Celia Rees, American Library Association
award-winning author, brings us another spine-tingling, historical fiction
tale of two unlikely outlaws from the high seas. She calls her book
"Pirates: The true and remarkable adventures of Minerva Sharpe and Nancy
Kington, female pirates." This page-turning, thrill-packed adventure story
is not for the squeamish of stomach, but it also has a softer side of love,
devotion and loyalty.
Nancy Kington, only daughter of a Bristol shipping merchant, is too
heartbroken by her father's death to fully comprehend why she is being
shipped off to the family's estates in Jamaica. She soon finds she has been
"sold" as surely as the Africans who were sold as slaves by her father.
Forced into a strange land among people she does not know, and with her
brother slipping more into a life of drink and gambling, Nancy befriends a
house slave, Minerva. Although the girls are close in age, Minerva is
reluctant to become friends at first. Her mother warns the girls that harm
will come of the friendship.
On Nancy's 16th birthday, she learns that her fate is to become the wife
of a wealthy and cruel Portuguese planter, uniting her family's island land
with his. The marriage will help in recovering the money lost when her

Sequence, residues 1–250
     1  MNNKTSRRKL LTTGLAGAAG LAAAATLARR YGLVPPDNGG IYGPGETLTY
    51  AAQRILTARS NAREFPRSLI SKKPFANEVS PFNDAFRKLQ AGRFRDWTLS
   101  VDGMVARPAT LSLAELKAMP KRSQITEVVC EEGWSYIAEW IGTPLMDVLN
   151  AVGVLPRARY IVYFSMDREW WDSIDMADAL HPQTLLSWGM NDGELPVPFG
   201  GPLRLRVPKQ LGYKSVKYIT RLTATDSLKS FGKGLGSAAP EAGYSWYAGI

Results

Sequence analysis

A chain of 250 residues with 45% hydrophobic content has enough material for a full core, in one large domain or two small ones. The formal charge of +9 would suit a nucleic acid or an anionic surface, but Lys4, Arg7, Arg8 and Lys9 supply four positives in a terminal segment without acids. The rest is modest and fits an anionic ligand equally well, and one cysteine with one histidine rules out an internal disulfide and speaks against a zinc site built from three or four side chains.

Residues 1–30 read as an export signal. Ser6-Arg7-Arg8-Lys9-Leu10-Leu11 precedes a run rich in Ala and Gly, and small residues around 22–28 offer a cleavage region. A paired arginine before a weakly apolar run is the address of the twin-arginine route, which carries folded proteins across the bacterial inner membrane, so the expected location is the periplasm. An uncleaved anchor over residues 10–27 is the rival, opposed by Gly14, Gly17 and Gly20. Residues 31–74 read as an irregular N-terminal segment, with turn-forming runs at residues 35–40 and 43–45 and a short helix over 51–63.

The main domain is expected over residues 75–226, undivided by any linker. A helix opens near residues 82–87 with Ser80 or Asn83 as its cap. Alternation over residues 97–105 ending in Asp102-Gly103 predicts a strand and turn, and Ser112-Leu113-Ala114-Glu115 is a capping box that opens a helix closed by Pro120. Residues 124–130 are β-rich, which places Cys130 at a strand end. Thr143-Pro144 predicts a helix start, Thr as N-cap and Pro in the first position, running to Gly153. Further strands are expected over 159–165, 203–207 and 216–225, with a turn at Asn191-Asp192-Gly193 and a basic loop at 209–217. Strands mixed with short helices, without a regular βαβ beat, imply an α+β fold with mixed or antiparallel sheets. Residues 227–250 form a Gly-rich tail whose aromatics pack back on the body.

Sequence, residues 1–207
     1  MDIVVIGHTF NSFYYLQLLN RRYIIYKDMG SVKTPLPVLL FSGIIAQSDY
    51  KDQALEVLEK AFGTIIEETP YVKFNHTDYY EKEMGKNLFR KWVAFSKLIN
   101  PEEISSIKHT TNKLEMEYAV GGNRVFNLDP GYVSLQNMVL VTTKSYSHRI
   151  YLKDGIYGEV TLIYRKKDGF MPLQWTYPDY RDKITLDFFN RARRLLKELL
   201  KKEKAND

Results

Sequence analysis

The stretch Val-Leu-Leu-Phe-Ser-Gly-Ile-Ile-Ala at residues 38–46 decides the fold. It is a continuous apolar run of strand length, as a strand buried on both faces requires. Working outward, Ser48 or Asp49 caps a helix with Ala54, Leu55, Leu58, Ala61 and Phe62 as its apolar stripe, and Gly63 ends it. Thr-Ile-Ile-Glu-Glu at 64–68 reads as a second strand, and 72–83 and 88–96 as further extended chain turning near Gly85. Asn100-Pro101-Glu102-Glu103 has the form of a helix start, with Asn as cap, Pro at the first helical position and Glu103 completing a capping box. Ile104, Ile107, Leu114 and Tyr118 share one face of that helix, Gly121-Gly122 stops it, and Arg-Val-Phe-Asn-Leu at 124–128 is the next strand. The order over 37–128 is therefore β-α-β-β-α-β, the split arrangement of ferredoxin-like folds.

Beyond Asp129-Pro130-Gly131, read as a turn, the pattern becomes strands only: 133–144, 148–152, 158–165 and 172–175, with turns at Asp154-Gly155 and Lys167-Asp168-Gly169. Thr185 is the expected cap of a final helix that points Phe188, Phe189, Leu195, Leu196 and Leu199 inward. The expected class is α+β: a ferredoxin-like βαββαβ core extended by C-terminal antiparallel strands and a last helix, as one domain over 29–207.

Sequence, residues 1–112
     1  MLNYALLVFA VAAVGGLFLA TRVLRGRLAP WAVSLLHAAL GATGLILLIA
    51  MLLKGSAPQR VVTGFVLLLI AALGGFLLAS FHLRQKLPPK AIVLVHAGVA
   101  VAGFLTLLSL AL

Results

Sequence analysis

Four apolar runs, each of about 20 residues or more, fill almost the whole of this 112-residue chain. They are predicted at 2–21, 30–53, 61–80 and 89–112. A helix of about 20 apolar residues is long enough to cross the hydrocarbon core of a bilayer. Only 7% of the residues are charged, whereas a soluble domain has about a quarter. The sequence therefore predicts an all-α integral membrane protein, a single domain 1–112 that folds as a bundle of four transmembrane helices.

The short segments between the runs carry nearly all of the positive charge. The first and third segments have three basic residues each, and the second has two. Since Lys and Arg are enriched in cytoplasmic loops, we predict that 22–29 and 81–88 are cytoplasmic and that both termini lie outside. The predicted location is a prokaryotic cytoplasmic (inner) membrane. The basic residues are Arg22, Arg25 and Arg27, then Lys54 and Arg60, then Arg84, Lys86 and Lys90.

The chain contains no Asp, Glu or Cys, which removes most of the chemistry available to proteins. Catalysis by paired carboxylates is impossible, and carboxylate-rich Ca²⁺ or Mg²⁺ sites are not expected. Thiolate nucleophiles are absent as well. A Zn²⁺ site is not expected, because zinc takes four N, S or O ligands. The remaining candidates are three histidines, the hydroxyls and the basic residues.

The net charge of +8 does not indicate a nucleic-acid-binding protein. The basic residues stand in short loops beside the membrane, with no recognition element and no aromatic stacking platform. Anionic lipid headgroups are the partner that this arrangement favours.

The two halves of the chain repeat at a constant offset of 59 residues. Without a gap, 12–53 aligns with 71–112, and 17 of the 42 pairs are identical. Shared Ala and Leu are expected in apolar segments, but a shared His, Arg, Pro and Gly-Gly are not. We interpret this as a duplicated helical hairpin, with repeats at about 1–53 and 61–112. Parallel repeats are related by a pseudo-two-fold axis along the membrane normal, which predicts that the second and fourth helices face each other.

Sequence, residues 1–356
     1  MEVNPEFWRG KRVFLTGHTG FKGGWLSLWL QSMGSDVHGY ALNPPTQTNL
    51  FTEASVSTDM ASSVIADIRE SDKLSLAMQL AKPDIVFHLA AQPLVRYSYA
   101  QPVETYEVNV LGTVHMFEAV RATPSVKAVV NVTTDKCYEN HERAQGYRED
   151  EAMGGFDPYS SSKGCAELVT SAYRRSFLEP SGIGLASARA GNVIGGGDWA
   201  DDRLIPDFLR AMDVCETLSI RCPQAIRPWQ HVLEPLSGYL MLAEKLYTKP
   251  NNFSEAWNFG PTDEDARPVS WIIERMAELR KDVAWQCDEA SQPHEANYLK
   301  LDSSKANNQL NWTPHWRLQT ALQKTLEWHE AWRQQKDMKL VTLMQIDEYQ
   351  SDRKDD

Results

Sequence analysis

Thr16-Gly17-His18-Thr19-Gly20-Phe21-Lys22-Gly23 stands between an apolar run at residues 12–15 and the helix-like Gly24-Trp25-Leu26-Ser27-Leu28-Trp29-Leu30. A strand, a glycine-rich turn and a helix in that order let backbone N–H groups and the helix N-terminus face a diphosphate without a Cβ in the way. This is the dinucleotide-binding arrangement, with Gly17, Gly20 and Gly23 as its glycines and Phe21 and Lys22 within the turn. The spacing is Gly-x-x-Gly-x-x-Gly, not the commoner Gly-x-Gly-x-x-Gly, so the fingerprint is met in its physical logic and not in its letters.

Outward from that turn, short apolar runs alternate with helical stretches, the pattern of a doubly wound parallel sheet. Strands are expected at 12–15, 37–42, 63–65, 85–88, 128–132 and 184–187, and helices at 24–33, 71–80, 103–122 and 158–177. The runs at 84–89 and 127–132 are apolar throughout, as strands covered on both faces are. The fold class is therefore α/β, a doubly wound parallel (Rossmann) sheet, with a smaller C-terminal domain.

father's fleet of ships was lost in a storm. Her scheming brothers had not
taken into consideration, however, that Nancy had an uncommon independence
for a girl of her social standing. Nor did they know of her attachment to a
childhood playmate from Bristol.
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Returning unexpectedly to the plantation one evening, she finds
herself in a state of fear. Nancy discovers the plantation manager
has taken advantage of the family's absence. He has brutalized the
housemaid, Minerva. Nancy shoots the man, escapes into the hills
with Minerva and her mother, and begins running from her intended
husband. As the people hunting them start to close in, old
acquaintances from Nancy's shipboard travels visit their mountain
hideaway. Nancy and Minerva decide to throw in their lot with these
men, turned pirates, to escape from Jamaica and their old lives.
Readers will indeed need to suspend belief a number of times as
they read "Pirates." A young girl (of obvious wealth) coping well
with the hardships of a tropical mountain fortress as well as life
at sea was certainly a stretch of the imagination! I found, though,
that the action, realistic dialogue and well-developed, sympathetic
characters soon had me forgetting some of the more far-fetched
aspects of the plot. The historical period is well-reproduced. After
all, this is a work of fiction. Its purpose is more to entertain
than educate. In that respect, Ms. Rees does not disappoint.
For a young adult wanting to "Voyage to Book Island" with the
library's 2006 Summer Reading Program, the choice of this book or
others by Celia Rees will indeed send a reader on enjoyable travels.
Stop in at the Lincoln Public Library Annex, 725 Pekin St., and pick
up a book that can be your ticket to reading pleasure this summer.
[Louella Moreland, youth services librarian, Lincoln Public